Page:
Only One Planet

Leo's Recycle SymbolLeo's Recycle Symbol

WHY COMPOST?
Small Recycle Symbol Making compost is a very simple process. If you throw the stuff in the dustbin it will be wasted and end up in an expensive and undesirable landfill site, where it will do no good at all. The result of composting is a free supply of the best possible soil improvement material for your garden and an alternative to all the  expensive artificial fertilisers and peat.

BUT, ISN'T IT COMPLICATED?
Nah, not really. It's all based on natural processes that ensure most living things that die rot away (or decompose). The world is full of organisms that feed on dead material, breaking it down to products at the foot of the food-chain - they are Nature's Recyclers. Wherever you find dead things you'll find a concentration of them doing their job. In composting we simply utilise their natural abilities to turn waste vegetable matter into a nutrient rich humus which you can add to your garden soil to boost it's growing power, improve it's structure and moisture content. 

Composting cartoonYou don't need any fancy equipment to begin a compost heap. Start in an out-of the-way spot in your garden on bare soil, not on paving or concrete, and simply start to build a heap from all of your waste vegetable material. It's best to start off with a course layer of prunings, bark and twigs to allow air to enter the heap more easily (more of that later). You can knock together a rudimentary three-sided frame out of old pallet wood to hold the heap in place and help it's efficiency (Click here for instructions); or you can make your heap in an old plastic dustbin with the bottom cut off.

Once the heap has reached a reasonable size, those tiny organisms will really get to work. In fact they work so hard that the temperature in the middle of your heap can reach 70ēC within two or three weeks (although it is more usual to find temperatures of around  50ēC). It will take four to eighteen months (depending on conditions) before your heap is ready to add to your garden soil. You'll know when it's ready when it's dark in colour and has a sweet earthy smell. Of course, the recently added material at the top of the heap won't be ready yet, so simply use the stuff from the bottom of the heap and put the rest back to continue.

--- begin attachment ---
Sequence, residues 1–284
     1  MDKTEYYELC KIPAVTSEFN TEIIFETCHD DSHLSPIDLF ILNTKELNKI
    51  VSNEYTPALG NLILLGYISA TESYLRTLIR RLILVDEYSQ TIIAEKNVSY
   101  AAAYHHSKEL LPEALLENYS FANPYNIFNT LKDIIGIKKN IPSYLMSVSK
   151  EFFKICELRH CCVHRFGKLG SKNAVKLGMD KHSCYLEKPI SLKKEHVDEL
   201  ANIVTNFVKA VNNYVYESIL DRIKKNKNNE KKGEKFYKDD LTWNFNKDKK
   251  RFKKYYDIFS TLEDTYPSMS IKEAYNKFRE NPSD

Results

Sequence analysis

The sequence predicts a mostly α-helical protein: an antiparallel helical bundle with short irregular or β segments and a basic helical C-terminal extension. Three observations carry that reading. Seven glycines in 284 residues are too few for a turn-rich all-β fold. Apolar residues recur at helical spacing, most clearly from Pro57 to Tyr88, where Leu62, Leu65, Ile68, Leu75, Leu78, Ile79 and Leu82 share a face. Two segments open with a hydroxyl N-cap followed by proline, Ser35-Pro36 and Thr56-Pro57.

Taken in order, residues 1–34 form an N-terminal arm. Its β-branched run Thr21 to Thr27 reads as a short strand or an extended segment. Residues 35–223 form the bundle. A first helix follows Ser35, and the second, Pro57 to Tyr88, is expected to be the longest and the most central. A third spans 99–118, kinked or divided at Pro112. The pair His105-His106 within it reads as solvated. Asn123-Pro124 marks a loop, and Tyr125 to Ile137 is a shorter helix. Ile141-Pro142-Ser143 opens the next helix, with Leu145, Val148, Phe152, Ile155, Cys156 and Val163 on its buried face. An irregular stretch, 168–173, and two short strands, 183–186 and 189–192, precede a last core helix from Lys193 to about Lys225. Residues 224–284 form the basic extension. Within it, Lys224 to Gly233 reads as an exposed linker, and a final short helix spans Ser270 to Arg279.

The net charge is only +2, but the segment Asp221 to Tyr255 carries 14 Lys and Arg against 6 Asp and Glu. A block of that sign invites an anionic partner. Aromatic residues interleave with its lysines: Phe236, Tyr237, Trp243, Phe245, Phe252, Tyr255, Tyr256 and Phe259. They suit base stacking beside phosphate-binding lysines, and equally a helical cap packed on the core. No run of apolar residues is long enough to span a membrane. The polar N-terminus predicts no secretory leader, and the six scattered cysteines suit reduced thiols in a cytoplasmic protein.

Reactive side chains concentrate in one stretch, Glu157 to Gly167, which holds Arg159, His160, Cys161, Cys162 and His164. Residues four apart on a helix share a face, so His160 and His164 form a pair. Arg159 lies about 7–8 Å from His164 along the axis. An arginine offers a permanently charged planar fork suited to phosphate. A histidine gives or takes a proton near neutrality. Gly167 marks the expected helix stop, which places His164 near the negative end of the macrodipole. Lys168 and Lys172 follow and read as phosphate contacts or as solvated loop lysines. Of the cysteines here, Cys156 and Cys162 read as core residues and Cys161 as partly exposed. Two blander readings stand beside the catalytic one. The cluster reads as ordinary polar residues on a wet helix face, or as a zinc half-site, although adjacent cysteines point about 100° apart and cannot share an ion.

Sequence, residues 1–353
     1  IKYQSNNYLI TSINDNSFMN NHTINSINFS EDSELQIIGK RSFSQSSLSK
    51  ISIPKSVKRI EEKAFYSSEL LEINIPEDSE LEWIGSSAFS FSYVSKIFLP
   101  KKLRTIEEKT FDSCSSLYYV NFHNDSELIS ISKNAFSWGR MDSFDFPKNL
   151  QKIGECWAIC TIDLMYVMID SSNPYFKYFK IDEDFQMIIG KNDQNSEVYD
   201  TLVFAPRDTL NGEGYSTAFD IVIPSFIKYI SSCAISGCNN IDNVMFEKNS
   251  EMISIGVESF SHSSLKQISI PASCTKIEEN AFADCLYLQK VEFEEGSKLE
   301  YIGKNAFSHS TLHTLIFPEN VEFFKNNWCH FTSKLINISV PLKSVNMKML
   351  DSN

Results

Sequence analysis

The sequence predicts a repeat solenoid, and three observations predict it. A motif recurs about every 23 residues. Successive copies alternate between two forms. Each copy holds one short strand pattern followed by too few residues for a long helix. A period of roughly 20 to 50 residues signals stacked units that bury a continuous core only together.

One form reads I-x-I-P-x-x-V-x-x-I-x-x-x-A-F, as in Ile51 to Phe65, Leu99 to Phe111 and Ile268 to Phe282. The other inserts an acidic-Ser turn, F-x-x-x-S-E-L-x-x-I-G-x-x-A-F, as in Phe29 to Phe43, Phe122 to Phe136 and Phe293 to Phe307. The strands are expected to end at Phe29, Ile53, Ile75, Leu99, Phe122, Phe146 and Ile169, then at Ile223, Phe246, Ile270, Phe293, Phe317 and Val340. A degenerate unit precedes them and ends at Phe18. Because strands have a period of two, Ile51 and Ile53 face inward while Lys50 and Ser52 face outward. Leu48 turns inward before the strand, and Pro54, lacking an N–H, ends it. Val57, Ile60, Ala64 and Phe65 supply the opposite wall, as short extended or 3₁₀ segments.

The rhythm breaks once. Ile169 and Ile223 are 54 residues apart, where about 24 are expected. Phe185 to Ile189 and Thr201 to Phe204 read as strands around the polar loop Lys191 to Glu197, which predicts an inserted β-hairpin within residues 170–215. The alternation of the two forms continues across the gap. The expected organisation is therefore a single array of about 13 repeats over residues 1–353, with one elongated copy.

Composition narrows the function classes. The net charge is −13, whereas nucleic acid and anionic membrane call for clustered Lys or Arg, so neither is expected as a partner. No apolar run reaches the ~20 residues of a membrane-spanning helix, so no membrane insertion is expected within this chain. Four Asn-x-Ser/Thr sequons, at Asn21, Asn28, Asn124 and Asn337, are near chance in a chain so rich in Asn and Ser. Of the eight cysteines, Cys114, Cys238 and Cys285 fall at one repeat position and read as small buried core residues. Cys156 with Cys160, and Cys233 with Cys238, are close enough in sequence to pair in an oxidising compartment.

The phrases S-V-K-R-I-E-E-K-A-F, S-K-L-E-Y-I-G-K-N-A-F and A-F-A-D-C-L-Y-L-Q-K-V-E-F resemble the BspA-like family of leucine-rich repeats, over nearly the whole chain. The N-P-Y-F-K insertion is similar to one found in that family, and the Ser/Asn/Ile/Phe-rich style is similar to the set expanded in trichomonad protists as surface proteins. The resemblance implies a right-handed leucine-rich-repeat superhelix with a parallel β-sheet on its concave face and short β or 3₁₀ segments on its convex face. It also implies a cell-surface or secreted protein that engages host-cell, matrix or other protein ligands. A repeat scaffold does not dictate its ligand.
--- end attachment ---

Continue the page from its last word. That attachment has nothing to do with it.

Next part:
WHAT CAN I COMPOST?
 • Fruit and vegetable peelings
 • prunings and broken-up twigs
 • Grass cuttings*
 • Cut flowers
 • Autumnal leaf falls
 • Horse, rabbit, pigeons & chicken manures
 • Straw
 • Feathers, hair and fur
 • Tea leaves/bags and coffee grounds
 • Shredded wood/branches
 • Crushed egg shells
 • Shredded newspaper
WHAT SHOULDN'T I COMPOST?
 • Meat, meat products, fish or cheese
 • Cooked scraps or scrapings
 • Persistent weeds** or weeds in seed
 • Diseased plants
 • Soot or coal ash
 • Human faeces or used nappies
 • Pet litter or pet waste
 • Metal, glass, plastic, artificial textiles
*   In layers not exceeding 10 cm. ** Especially bindweed.
IS THERE ANY SPECIAL MAINTENANCE?
The micro-organisms and bacteria that turn your heap into compost require three things: vegetable matter, moisture and air. Excluding air means that you'll encourage "anaerobic" organisms to get to work and turn your heap into a smelly, slimy mess. So one essential bit of heap maintenance is "turning". This means turning the heap over with a garden fork once every fortnight to mix and aerate it.

Your compost heap needs to be kept moist, but not wet, so keep it covered to keep out the rain and water it a little if it becomes too dry.

Heat is essential for rapid maturing of the heap. The heat is self-generated by the organisms as they break down the vegetable material, but the heat may be easily lost in cold weather. You can help by covering the heap with old carpets as the days get colder.

Things that will help accelerate the composting process are nettles (especially young ones, but avoid putting the roots in), chicken manure and human urine.

| home | sitemap | state of the planet | sustainable living | newsfeed | glossary | links | email |

This page last updated: 02 June 2002